Knowledge Gained Accidentally.—It is evident, however, that at times knowledge might be gained in the absence of any set problem upon which the learner reacts. For example, a certain person while walking along a road intent upon his own personal matters observed a boy standing near a high fence. On passing further along the street, he glanced through an opening and observed a vineyard within the inclosure. On returning along the street a few minutes later, he saw the same boy standing at a near by corner eating grapes. Hereupon these three ideas at once co-ordinated themselves into a new form of knowledge, signifying stealing-of-fruit. In such a case, the experience has evidently been gained without the presence of a problem to guide the selecting and relating of the ideas entering into the new knowledge. In like manner, a child whose only motive is to fill paper with various coloured crayon may accidentally discover, while engaged on this problem, that red and yellow will combine to make orange, or that yellow and blue will combine to make green. Here also the child gains valuable experience quite spontaneously, that is, without its constituting a motive, or problem, calling for adjustment.

Learning without Motive.—In the light of the above, a question suggests itself in relation to the lesson problem, or motive. Granting that a regular school recitation must contain some valuable problem for which the learning process is to furnish a solution, and granting that the teacher must be fully conscious both of the problem and of its mode of solution, the question might yet be asked whether a problem is to be realized by the child as a felt need at the beginning of the lesson. For example, if the teacher wishes his pupils to learn how to compose the secondary colour purple, might he have them blend in a purely arbitrary way, red and blue, and finally ask them to note the result? Or again, if he wishes the pupils to learn the construction of a paper-box or fire-place, would he not be justified in directing them to make certain folds, to do certain cutting, and to join together the various sections in a certain way, and then asking them to note the result? If such a course is permissible, it would seem that, so far at least as the learner is concerned, he may gain control of valuable experience, or knowledge, without the presence of a problem, or motive, to give the learning process value and direction.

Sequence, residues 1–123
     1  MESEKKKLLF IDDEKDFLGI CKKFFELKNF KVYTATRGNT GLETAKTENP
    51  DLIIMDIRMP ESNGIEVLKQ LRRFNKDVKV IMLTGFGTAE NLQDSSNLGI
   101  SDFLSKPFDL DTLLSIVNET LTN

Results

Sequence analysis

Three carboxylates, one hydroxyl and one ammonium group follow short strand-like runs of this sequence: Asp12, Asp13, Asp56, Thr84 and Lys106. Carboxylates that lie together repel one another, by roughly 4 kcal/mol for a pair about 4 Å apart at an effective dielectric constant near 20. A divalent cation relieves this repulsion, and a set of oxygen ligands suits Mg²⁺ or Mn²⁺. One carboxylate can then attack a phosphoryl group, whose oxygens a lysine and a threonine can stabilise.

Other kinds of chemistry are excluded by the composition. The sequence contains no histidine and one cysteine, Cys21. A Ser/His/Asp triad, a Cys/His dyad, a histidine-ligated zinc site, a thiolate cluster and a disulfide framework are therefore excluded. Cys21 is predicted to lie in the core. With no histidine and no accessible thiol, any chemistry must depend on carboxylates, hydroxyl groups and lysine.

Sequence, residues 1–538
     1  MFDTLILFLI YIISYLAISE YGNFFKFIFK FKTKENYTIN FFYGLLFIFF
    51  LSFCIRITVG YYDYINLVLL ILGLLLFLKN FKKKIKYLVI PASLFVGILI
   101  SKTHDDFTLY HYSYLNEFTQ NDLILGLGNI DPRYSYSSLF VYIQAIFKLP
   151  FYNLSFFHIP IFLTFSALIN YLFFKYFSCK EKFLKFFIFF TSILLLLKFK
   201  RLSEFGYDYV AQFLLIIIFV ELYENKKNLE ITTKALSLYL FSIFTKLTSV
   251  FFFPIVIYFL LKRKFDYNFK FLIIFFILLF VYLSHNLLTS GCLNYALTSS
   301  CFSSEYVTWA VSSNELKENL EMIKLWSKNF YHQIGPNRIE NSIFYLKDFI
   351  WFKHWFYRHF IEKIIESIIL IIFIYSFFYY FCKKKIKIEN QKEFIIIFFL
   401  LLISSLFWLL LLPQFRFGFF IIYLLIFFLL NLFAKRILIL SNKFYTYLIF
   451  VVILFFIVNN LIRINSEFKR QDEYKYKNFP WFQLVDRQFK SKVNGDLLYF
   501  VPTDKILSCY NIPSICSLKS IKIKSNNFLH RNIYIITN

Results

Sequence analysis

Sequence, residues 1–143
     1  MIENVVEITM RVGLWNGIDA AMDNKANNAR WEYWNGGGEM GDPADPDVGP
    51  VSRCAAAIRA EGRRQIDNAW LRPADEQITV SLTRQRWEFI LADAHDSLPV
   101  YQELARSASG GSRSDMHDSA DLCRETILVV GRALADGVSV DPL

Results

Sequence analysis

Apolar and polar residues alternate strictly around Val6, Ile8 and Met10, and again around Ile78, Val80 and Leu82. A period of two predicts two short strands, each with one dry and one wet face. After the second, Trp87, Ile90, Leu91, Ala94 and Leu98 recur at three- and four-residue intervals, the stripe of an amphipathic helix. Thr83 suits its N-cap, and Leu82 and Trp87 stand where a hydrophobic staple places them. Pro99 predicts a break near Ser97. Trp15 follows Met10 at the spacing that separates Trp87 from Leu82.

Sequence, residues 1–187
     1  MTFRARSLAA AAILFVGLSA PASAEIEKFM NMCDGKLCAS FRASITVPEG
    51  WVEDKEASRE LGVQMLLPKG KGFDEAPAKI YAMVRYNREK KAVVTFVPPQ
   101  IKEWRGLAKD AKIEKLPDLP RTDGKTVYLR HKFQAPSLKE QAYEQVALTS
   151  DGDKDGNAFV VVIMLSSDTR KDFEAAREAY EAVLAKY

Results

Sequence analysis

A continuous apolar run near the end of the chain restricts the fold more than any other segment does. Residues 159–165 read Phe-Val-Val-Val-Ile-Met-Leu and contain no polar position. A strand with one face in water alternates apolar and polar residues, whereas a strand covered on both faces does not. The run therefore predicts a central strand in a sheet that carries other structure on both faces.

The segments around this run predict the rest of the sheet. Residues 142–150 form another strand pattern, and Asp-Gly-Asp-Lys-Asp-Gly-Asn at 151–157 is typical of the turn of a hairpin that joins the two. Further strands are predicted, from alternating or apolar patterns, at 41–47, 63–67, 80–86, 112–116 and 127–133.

Problem Aids Control.—It is true that in cases like the above, the child may gain the required knowledge. The cause for this is, no doubt, that the physical activity demanded of the pupil constitutes indirectly a motive for attending sufficiently to gain the knowledge. But in many cases no such conditions might exist. It is important, therefore, to have the pupil as far as possible realize at the outset a definite motive for each lesson. The advantage consists in the fact that the motive gives a value to the ideas which enter into the new knowledge, even before they are fully incorporated into a new experience. For example, if in a lesson in geometrical drawing, the teacher, instead of having the child set out with the problem of drawing a pair of parallel lines, merely orders him to follow certain directions, and then requests him to measure the shortest distance between the lines at different points, the child is not likely to grasp the connections of the various steps involved in the construction of the whole problem. This means, however, that the learner has not secured an equal control over the new experience.

Pupils Feel Its Lack.—A further objection to conducting a lesson in such a way that the child may find no motive for the process until the close of the lesson, is the fact that he is himself aware of its lack. In school the child soon discovers that in a lesson he selects and gives attention to various ideas solely in order to gain control over some problem which he may more or less definitely conceive in advance. For this reason, if the teacher attempts, as in the above examples, to fix the child's attention on certain facts without any conception of purpose, the pupil nevertheless usually asks himself the question: "What does the teacher intend me to do with these facts?" Indeed, without at least that motive to hold such disconnected ideas in his mind, it is doubtful whether the pupil would attend to them sufficiently to organize them into a new item of knowledge. When, therefore, the teacher proposes at the outset an attractive problem to solve, he has gone a long way toward stimulating the intellectual activity of the pupil. The setting of problems, the supplying of motives, the giving of aims, the awakening of needs—this constitutes a large part of the business of the teacher.

1  2  3  4  5  6  7     Next Part
Home - Random Browse